Former Love Island contestant and influencer Olivia Buckland has been rapped for a second time by the Advertising Standards Authority after a complaint that an Instagram post was not obviously identifiable as a marketing communication.
The 12 February post showed Buckland holding a bottle of Cocoa Brown fake tan and had the caption "The V-Day prep is well underway and I’m topping up my tan with my fave @cocoabrowntan by @marissacarter 1 HOUR TAN MOUSSE… more".
Once the caption was clicked on, additional text stated "Original – it gives me such a natural glow with no streaks and is the perfect accessory for date night with bae [heart eye emoji] Get yours now @superdrug #TeamCB #CocoaBrownTan #ValentinesDay #BrandAmbassador".
An ASA spokesman told Campaign that Buckland had already been told to not to make such an oversight again in October 2018 when it ruled against a video post on her Instagram page for promoting Warpaint Cosmetics without indicating a commercial relationship.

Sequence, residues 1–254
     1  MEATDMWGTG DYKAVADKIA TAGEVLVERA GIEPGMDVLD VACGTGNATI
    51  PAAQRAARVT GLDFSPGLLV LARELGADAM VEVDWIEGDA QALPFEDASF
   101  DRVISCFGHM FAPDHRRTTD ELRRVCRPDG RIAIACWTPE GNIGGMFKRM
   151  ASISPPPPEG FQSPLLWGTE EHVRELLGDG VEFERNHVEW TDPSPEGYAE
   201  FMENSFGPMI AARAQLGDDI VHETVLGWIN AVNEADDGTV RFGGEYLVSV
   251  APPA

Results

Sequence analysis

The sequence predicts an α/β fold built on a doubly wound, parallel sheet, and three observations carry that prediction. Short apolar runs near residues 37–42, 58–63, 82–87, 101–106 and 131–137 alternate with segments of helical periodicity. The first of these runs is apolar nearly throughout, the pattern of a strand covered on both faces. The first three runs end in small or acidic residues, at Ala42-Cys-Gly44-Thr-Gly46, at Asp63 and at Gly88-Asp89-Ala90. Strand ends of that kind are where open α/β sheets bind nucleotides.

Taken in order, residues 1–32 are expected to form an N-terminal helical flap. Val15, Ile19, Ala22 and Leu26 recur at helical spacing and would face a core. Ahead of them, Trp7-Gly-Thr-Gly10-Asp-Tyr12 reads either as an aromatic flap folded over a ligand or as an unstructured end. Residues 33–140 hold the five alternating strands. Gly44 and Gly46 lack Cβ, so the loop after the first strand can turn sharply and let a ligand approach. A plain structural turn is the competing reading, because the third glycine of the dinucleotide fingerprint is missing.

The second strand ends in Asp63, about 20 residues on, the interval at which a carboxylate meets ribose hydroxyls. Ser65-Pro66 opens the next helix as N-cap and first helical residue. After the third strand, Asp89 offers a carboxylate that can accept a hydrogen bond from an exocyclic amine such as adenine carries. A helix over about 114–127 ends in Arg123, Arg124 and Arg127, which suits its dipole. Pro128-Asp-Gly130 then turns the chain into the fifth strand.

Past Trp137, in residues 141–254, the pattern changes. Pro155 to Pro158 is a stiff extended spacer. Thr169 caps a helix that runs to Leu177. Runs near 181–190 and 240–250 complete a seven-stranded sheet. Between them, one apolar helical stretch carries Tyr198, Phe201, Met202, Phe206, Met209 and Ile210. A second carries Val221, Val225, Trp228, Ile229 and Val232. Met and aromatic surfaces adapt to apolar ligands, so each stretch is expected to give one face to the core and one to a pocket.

Buckland, who has since added "#ad" to the Cocoa Brown post, had argued to the ASA that she had covered herself by using the phrase "#BrandAmbassador" in the post as well as in her bio.
The ASA disagreed, stating that labels included in a bio are "insufficiently prominent to ensure that individual posts were each obviously identifiable as ads". It also concluded that the phrase "brand ambassador" was unlikely to convey that Cocoa Brown had both paid for and had a level of control over the content of the post.
Therefore, it said, the post must be withdrawn as there was nothing in its content as it would have appeared in a user’s feed that made it clear to those viewing it that it was an ad.
Last week the ASA made a similar ruling against former Ex On The Beach contestant Jemma Lucy over an Instagram post, promoting Skinny Coffee, that was not easily identifiable as an ad. The post appears to have since been deleted.
The two cases represent the first Instagram posts to be banned for not using #ad since it emerged the ASA had sent out warnings last year to between 200 and 300 influencers for breaking paid partnership rules. The ASA spokesman said it had not had contact with Lucy before last week's ruling.
The ASA also provided this summer’s Love Island contestants with advice and information on why and how to make their social media followers aware when posts are ads.
This year’s batch of contestants were being followed by "huge numbers" of fake Instagram accounts, thus grossly inflating their perceived social media popularity, an investigation revealed in June.